Contemporary and young contemporary brands again this season aim to whet retailers’ appetites with bold novelty styles and lots of merchandising options.
Although buyers continue to whittle their budgets, cut back on trade shows and exercise extreme caution when writing orders, manufacturers agree that playing it safe right now is counterintuitive to keeping their businesses afloat. Instead, brands head to WWDMAGIC armed with spring and immediate offerings designed to entice buyers with newness and visual interest.
Roseanne Morrison, fashion director for The Doneger Group, noted several major trends in the market, including “tough-girl chic,” Eighties-inspired motorcycle jackets and skinny legs à la Patti Smith, a “pre-World War II, cafe society” trend toward feminine — but not frilly — frocks and an emphasis on “mountain lodge” looks such as heavy cardigans, boyfriend denim and plenty of plaid.
“We’re definitely seeing a lot of really strong, well-defined trend stories this season,” said Morrison, adding that spring looks are heavy on details, albeit carefully placed, such as texture, zippers, mixed media and embroidery.
Shanon Martin, sales manager for LA Made, said buyers can expect trendier offerings from the traditionally basic line — a move facilitated by the economic crisis.
“We are finding that buyers are focusing more on fashion styles than basics and we have had to adjust our designs accordingly. There is a lot of competition [in the market] and everyone is paying more attention to details. We are no exception. People are looking for newness,” said Martin.
To this end, the line is adding more texture and surface interest for spring, including twill tape and mesh details on T-shirts, visible elastic, a group of chambray styles and a mix of knit and woven fabrics on select dresses.
Wholesale prices start at $10 for basic T-shirts and tanks and $22 for dresses. A range of sweaters sells for $30 and cashmere styles start at about $70.
Hype, a line of custom-printed dresses and tops priced at $44 to $88 wholesale, also is using more embellishment for holiday and spring, such as embroidery on prints, sequin trim on silk chiffon bodies and jeweled buttons.
This attention to detail has helped boost sales figures, according to Lucy Thompson, a sales representative for the brand.
“I believe the increase has been mainly due to our offering of key pieces made special by adding embellishment. This has been our survival strategy [during the economic downturn],” said Thompson, who declined to provide numbers.
Standout styles for spring and resort include an embroidered mesh dress with cutouts at the back, a one-shoulder, silk and chiffon ruffled top and a group of sequin silk georgette dresses and tops.
Charlotte Tarantola, owner and designer of a namesake sweater and top line that sells to 4,000 specialty and major doors, said she has sold more novelty pieces than basics or solids since the economic falloff, and now is focusing on details for spring, offering brighter graphic prints, nautical appliqués, ruffles, shirring and knit mixing, echoing the need to lure customers with more bang for the buck.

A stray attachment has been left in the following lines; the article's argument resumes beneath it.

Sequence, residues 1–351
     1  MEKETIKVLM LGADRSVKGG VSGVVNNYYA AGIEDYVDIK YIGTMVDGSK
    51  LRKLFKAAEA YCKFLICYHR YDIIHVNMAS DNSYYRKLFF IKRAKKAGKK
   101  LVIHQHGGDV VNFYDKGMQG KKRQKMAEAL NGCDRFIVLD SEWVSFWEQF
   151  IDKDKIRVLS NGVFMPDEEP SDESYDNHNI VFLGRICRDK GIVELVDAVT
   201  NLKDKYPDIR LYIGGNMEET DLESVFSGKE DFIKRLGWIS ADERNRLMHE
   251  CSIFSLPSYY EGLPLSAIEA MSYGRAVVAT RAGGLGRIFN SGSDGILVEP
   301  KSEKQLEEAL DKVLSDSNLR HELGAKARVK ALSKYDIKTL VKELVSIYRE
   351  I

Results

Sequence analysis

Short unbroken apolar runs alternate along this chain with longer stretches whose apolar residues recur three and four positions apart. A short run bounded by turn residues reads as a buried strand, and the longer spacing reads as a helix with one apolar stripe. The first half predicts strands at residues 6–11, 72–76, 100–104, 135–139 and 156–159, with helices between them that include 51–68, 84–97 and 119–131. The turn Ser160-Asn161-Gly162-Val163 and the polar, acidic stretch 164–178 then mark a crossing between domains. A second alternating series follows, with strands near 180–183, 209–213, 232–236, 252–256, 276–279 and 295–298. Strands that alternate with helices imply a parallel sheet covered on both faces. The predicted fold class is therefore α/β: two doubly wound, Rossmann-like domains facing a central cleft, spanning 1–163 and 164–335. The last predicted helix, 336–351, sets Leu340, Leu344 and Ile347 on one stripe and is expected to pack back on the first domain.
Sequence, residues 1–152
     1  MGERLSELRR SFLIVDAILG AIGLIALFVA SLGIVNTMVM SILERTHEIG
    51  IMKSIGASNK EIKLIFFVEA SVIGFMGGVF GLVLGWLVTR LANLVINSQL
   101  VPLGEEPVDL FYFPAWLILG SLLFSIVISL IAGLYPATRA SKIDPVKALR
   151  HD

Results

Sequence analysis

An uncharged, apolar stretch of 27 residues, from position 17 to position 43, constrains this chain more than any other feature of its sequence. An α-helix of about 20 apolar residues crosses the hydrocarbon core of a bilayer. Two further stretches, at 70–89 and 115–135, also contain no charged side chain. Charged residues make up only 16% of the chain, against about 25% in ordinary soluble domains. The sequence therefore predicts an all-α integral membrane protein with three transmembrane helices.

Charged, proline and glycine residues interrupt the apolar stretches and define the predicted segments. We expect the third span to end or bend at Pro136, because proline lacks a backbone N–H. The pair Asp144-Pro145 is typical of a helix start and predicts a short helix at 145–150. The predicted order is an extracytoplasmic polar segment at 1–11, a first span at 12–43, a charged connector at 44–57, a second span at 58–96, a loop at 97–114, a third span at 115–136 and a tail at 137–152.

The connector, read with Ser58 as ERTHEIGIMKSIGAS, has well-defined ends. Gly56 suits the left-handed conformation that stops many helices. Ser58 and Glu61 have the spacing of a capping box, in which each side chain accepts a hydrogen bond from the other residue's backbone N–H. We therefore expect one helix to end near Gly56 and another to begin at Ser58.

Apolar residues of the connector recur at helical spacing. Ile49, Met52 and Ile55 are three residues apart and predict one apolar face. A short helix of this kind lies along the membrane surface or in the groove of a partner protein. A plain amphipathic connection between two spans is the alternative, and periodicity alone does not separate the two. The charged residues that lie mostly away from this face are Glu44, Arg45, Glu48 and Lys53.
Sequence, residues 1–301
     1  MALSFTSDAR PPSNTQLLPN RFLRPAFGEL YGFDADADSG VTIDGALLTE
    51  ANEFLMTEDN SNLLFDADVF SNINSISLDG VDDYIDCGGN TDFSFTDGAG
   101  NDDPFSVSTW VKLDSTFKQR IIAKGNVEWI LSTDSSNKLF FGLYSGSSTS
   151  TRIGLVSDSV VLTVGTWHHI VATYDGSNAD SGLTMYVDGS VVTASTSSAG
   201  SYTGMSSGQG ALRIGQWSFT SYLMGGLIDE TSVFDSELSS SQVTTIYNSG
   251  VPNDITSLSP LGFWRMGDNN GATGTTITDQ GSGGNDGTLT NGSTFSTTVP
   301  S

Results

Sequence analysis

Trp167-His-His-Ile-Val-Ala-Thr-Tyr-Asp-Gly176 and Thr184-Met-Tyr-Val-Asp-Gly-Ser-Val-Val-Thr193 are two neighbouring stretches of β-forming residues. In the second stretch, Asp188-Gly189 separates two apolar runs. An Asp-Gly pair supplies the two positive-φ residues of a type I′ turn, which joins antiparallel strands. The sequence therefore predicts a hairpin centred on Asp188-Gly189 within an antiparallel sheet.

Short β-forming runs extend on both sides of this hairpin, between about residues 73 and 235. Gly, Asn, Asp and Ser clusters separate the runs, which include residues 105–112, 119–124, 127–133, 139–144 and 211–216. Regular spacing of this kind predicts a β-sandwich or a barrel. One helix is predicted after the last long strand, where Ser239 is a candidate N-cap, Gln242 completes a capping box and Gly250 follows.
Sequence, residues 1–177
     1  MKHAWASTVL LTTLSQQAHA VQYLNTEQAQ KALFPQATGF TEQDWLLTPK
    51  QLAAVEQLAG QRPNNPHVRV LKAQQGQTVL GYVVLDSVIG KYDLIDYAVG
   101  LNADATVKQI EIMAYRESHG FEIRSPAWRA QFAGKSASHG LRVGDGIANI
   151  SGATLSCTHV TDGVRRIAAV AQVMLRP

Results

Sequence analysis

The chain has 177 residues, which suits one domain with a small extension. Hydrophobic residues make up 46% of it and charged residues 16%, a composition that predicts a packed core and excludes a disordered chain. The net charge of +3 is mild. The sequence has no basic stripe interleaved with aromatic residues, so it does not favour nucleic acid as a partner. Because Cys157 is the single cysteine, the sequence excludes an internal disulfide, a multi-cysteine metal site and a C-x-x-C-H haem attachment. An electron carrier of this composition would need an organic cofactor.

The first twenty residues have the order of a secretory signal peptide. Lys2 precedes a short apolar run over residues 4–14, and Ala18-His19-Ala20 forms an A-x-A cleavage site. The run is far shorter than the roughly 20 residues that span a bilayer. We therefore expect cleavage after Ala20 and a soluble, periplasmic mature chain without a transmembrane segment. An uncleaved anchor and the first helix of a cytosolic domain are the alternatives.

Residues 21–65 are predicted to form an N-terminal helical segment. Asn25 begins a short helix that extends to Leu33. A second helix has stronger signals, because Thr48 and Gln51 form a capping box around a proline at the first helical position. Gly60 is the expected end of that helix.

“I think consumers want to pay less than they used to and get more for it. If we don’t give that to them, they can get what they need at lots of places for very little money, so the pressure is on to deliver a product that can’t be beat in this price point,” said Tarantola, whose Culver City, Calif.-based line runs from $19 to $72 at wholesale.
Similarly, Allen Allen, a 23-year-old contemporary company, is bringing holiday and resort immediates that focus on lots of color, tie- and dip-dyed washes and more embellishments.
The firm has narrowed its offerings by about 25 percent, according to national sales manager Kari Carpino. Its looks trend toward the fashion-conscious, with motorcycle jackets, swingy tunics, tie-dyed skirts and boyfriend Henleys among its key styles, and fabrics provide special effects with ombré and plaid burnouts. The line wholesales from $19 to $54.
Like many other manufacturers, Allen Allen is stocking less inventory and doing more cut-to-order pieces, said Carpino.
“From an operation standpoint, our strategy is to be as efficient as possible and continue to stick to the core of our business by offering a high-quality product at a value price,” she added.
Charged with the task of penetrating an increasingly shaky marketplace, newer brands are coming out aggressively, much like some more-established lines, equally as determined to offer buyers product that pops.
Jumping on spring’s Eighties-inspired denim trend, Kensie Denim, a division of Vancouver-based Kensie and its sister brand, Mac & Jac, heads to WWDMAGIC with fashion-forward denim jeans, shorts and dresses in a range of washes, cuts and treatments. Core styles in straight and skinny legs and medium-to-dark rinses prevail, but get a healthy dose of novelty from looks such as distressed denim harem pants, an acid-rinse tulip skirt, halter and harem jumpers and dressy, high-waisted pants and shorts. Wholesale prices run from $30 to $45.
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